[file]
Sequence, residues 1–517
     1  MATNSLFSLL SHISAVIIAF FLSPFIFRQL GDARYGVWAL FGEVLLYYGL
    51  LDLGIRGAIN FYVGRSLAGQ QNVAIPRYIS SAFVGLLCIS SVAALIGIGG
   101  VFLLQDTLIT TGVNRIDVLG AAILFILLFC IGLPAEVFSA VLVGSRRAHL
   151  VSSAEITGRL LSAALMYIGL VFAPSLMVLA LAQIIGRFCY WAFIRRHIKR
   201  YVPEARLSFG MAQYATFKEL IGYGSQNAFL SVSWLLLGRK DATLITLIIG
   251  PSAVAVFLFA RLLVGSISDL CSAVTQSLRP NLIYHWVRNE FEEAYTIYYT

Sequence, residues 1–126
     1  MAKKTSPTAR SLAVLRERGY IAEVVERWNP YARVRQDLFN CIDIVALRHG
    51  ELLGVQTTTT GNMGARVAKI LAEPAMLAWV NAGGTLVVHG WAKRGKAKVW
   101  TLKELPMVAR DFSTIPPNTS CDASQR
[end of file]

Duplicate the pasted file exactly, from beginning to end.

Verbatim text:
Sequence, residues 1–517
     1  MATNSLFSLL SHISAVIIAF FLSPFIFRQL GDARYGVWAL FGEVLLYYGL
    51  LDLGIRGAIN FYVGRSLAGQ QNVAIPRYIS SAFVGLLCIS SVAALIGIGG
   101  VFLLQDTLIT TGVNRIDVLG AAILFILLFC IGLPAEVFSA VLVGSRRAHL
   151  VSSAEITGRL LSAALMYIGL VFAPSLMVLA LAQIIGRFCY WAFIRRHIKR
   201  YVPEARLSFG MAQYATFKEL IGYGSQNAFL SVSWLLLGRK DATLITLIIG
   251  PSAVAVFLFA RLLVGSISDL CSAVTQSLRP NLIYHWVRNE FEEAYTIYYT

Sequence, residues 1–126
     1  MAKKTSPTAR SLAVLRERGY IAEVVERWNP YARVRQDLFN CIDIVALRHG
    51  ELLGVQTTTT GNMGARVAKI LAEPAMLAWV NAGGTLVVHG WAKRGKAKVW
   101  TLKELPMVAR DFSTIPPNTS CDASQR